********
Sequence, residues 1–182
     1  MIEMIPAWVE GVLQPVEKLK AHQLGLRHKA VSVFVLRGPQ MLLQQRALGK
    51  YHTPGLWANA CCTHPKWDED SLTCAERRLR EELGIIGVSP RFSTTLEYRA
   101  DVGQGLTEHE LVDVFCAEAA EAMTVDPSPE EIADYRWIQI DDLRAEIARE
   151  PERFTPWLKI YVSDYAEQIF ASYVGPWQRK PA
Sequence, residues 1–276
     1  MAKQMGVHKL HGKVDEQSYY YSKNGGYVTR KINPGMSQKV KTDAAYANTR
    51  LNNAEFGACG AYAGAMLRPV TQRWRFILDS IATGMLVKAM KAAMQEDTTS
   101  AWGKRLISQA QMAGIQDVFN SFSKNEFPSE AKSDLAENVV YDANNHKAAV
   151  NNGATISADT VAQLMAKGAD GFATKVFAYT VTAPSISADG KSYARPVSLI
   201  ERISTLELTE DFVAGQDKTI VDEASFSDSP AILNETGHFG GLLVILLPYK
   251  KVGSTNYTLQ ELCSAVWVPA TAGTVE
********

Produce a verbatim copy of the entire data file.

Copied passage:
Sequence, residues 1–182
     1  MIEMIPAWVE GVLQPVEKLK AHQLGLRHKA VSVFVLRGPQ MLLQQRALGK
    51  YHTPGLWANA CCTHPKWDED SLTCAERRLR EELGIIGVSP RFSTTLEYRA
   101  DVGQGLTEHE LVDVFCAEAA EAMTVDPSPE EIADYRWIQI DDLRAEIARE
   151  PERFTPWLKI YVSDYAEQIF ASYVGPWQRK PA
Sequence, residues 1–276
     1  MAKQMGVHKL HGKVDEQSYY YSKNGGYVTR KINPGMSQKV KTDAAYANTR
    51  LNNAEFGACG AYAGAMLRPV TQRWRFILDS IATGMLVKAM KAAMQEDTTS
   101  AWGKRLISQA QMAGIQDVFN SFSKNEFPSE AKSDLAENVV YDANNHKAAV
   151  NNGATISADT VAQLMAKGAD GFATKVFAYT VTAPSISADG KSYARPVSLI
   201  ERISTLELTE DFVAGQDKTI VDEASFSDSP AILNETGHFG GLLVILLPYK
   251  KVGSTNYTLQ ELCSAVWVPA TAGTVE